An inquest into the death of Tallulah Wilson, 15, suggests that social media may have influenced her decision to commit suicide.
Wilson, who was being treated for clinical depression and had a history of self harm, threw herself in front of a train less than 24 hours after her mother deleted her Tumblr.
The blog featured images of Wilson cutting her arms, as well as fabricated blog posts about alcohol and cocaine use. She frequently alluded to being unhappy and wanting to take her own life.
The girl’s psychiatrist suggests she might have felt like “part of her life had been stamped out” when her Tumblr was taken down. Wilson’s drug-taking online persona apparently had 18,000 followers, and seemed to be a form of escapism for the girl.
What’s worrying is the online culture that allows and even encourages teens to share images of self harm. In a community where users compare self-inflicted injuries, a phenomenon can develop where users compete to have the worst scars or the deepest cuts.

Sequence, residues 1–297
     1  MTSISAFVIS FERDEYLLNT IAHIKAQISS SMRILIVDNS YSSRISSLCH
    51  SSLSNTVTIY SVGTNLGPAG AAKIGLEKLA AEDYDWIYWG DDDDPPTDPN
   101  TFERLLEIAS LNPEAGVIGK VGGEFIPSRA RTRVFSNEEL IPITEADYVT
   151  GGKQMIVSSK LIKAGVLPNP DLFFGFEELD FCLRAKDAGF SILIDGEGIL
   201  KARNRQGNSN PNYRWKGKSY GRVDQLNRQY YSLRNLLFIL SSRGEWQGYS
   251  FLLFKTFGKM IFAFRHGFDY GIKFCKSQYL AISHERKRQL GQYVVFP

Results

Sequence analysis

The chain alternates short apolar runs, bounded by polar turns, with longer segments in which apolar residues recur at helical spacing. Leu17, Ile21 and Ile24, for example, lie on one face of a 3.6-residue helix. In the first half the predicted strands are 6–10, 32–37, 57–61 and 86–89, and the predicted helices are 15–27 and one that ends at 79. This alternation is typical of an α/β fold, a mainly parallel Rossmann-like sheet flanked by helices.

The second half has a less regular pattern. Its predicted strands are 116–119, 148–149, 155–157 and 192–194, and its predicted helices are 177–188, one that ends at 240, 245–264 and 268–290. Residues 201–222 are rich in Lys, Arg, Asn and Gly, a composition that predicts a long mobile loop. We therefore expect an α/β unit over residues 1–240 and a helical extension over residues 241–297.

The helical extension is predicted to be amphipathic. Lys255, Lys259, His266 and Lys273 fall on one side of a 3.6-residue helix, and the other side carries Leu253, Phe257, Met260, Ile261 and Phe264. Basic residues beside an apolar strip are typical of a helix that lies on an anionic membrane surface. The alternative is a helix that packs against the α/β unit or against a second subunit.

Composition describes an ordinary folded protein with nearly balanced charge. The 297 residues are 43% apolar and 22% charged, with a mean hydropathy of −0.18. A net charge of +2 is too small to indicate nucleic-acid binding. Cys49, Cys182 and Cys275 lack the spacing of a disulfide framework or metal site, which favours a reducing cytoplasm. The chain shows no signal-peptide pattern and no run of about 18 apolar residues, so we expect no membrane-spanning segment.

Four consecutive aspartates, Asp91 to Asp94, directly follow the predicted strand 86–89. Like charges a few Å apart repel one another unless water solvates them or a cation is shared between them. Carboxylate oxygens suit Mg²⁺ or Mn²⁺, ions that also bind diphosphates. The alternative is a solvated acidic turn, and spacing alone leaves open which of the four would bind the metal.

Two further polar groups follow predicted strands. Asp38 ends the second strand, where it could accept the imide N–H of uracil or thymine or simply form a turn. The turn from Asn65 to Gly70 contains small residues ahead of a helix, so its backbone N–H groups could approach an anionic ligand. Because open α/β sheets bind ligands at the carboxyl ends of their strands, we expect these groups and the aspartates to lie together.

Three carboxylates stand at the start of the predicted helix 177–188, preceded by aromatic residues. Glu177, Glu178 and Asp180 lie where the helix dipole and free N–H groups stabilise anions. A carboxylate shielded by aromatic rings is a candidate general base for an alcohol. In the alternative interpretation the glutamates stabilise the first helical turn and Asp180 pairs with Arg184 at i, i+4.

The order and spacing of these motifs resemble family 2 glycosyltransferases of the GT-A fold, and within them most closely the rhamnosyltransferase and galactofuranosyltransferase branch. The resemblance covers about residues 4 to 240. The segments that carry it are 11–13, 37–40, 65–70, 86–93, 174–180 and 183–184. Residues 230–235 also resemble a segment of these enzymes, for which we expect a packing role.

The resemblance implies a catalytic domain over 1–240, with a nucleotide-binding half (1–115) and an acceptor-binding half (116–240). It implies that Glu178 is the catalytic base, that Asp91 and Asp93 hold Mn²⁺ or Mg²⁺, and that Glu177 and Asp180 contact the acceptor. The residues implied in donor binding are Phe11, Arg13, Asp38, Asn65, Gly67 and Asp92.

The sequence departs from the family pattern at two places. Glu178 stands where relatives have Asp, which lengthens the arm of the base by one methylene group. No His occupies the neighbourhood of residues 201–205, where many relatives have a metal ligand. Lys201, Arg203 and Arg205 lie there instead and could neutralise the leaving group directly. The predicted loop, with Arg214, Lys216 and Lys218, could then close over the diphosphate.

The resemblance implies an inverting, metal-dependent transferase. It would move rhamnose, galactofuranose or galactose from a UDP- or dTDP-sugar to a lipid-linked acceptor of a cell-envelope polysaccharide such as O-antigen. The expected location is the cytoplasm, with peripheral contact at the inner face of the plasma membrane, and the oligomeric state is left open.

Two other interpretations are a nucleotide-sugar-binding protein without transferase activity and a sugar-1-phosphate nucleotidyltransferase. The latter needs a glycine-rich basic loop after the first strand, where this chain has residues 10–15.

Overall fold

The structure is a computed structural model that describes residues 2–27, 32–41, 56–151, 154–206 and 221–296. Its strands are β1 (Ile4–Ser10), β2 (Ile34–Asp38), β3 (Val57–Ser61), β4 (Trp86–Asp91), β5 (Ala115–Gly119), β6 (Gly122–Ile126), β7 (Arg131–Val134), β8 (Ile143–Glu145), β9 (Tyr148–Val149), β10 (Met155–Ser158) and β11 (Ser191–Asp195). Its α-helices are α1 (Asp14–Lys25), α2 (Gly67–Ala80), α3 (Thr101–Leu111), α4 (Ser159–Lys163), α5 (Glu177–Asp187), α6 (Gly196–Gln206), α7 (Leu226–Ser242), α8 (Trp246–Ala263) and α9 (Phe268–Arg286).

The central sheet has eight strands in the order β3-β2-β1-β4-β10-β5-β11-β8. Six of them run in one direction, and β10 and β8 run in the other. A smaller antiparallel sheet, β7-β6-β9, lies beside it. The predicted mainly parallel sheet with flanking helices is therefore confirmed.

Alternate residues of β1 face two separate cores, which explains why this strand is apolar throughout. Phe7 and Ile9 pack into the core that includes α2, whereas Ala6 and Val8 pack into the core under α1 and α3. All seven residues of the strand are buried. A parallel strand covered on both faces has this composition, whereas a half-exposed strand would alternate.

It seems likely that contributing to such an online community only fueled Wilson’s obsession with taking her own life.
In the same way that pro-anorexia bloggers encourage each other to indulge in destructive habits, self harm websites make it difficult for users to get help — doing so would mean disengaging from and “disappointing” the community they rely on for emotional support.
These communities create a disturbing bond between users, where self worth is based on one’s ability to be the best at being unwell.
Tumblr users searching for self harm are directed to counseling and prevention resources. But is that enough?
Raising awareness, and being more aware of our children’s online presences, are both good places to start. If Tallulah’s dependence on her Tumblr alter ego hadn’t been allowed to escalate, then perhaps more could have been done to help. The sad reality, of course, is that parents are largely unaware of their children’s online lives until it’s too late.